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Billbugs Control In Lawn


Billbugs are often known as a great problem for causing damage to both lawns and plants. It is when Billbugs are in their larval stage that they feed on the roots of the sod and create the greatest damage, though adult Billbugs can also feed on roots of turf and plants. The adult Billbugs can often be seen walking across lawns and paths up tree trunks and amongst plant foliage. Billbugs are a part of the Weevil family, often referred to as Snout Beetles.
Billbugs Control In Lawn

Billbug Life Cycle

There are two different types of Billbugs, there is the Bluegrass Billbug which will hide throughout the garden in covered areas in the colder seasons. It will lay its eggs between May and July, the hatched larva will begin feeding on lawn roots almost immediately with the greatest damage occurring over the next few months as they continue to fatten up. They will then burrow deep into the soil to pupate and transform into adult Billbugs a few weeks later. As Winter approaches the adult Billbugs will find shelter to over-winter.

The Denver Billbug is usually more common in most States, and can either over-winter as adult Billbugs, or remain in their larval stage for over-wintering. As the larva emerges in the Spring, they will begin feeding again for a short time before pupating and transformation occur.

Controlling Billbugs

Billbug control can be both easy and difficult depending on where the main infestations occur. For lawn infestations, a grub killing insecticide can be applied to the sod and watered into the soil. Noting that any heavily thatched lawns will have severely diminished results with very little or no effect on killing the grubs. This is because the insecticide often gets trapped in the thatch layer and never reaches the topsoil. For severely thatched lawns it would be best to de-thatch or aerate the lawn before application.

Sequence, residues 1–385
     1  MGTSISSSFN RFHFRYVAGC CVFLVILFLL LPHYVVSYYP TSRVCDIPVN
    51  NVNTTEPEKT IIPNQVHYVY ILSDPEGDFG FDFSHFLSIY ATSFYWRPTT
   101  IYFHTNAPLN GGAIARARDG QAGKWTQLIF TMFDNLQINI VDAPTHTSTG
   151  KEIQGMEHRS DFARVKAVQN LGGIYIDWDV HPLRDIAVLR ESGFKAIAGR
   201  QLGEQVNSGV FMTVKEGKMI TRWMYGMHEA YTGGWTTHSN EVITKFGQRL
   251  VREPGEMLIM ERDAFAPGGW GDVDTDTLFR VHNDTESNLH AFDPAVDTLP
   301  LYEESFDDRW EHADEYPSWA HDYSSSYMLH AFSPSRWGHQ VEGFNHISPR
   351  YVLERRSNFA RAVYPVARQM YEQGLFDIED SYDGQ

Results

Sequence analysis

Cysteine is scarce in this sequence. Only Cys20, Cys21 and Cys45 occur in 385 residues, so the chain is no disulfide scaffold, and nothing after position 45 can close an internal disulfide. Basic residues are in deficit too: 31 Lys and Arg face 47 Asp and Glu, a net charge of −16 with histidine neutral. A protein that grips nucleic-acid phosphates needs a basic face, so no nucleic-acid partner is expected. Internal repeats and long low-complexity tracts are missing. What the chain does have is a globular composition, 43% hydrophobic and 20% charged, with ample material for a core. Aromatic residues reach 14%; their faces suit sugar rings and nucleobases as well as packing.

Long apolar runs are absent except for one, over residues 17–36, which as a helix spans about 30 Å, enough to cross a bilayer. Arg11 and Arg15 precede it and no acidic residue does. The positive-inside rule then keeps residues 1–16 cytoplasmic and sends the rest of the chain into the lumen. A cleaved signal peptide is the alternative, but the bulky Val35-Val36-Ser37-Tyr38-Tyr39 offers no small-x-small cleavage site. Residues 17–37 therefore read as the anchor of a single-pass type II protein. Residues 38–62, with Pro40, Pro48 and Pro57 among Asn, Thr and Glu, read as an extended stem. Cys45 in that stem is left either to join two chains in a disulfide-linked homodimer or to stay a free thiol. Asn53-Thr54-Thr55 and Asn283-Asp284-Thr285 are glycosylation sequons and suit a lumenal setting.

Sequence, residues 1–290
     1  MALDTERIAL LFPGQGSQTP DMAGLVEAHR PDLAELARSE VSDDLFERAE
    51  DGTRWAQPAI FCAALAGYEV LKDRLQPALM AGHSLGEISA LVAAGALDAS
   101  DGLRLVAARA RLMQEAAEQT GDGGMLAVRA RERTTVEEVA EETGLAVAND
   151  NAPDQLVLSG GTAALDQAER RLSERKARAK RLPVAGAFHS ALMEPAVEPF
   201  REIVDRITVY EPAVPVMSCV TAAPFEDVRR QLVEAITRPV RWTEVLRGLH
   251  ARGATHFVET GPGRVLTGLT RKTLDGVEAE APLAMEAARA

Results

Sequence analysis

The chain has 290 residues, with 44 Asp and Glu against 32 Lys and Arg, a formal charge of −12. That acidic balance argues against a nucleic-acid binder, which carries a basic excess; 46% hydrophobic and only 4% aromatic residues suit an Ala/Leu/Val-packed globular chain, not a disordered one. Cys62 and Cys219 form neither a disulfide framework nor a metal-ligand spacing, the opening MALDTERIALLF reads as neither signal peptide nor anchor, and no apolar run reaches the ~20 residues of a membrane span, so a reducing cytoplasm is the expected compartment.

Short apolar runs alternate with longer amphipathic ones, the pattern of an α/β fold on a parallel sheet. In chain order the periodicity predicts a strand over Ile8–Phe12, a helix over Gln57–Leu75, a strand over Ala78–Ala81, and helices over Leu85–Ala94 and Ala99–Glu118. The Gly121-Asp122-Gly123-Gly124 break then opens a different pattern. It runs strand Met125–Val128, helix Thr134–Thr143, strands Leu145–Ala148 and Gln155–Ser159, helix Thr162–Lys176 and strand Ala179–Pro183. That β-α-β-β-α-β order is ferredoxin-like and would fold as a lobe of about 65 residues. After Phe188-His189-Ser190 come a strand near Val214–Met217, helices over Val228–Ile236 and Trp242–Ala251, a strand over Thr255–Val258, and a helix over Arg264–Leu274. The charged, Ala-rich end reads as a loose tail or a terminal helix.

Billbugs and their larvae can also be present around plant roots, causing equally damaging effects from the presence. Treating for billbugs around trees and plants usually means following the same practice of insecticide application, but in this case, we apply to the garden bed instead of the sod, and still water it in as directed on the product packaging.

Naturally Controlling Billbugs

Biological or natural methods of controlling Billbugs include natural predators such as some wasp species, raccoons, and birds which often dig into the lawn looking for both Billbugs and other bugs, grubs, and insects.

Parasitic Nematodes in the Steinernema and Heterorhabditis families can also be a great method of controlling Billbugs. Many Nematodes varieties can be purchases in some garden stores, online, or through mail order. Apart from the natural aspect of using Nematodes as a control method, the other great advantage of this method is that it is effective on both adult and larval Billbugs.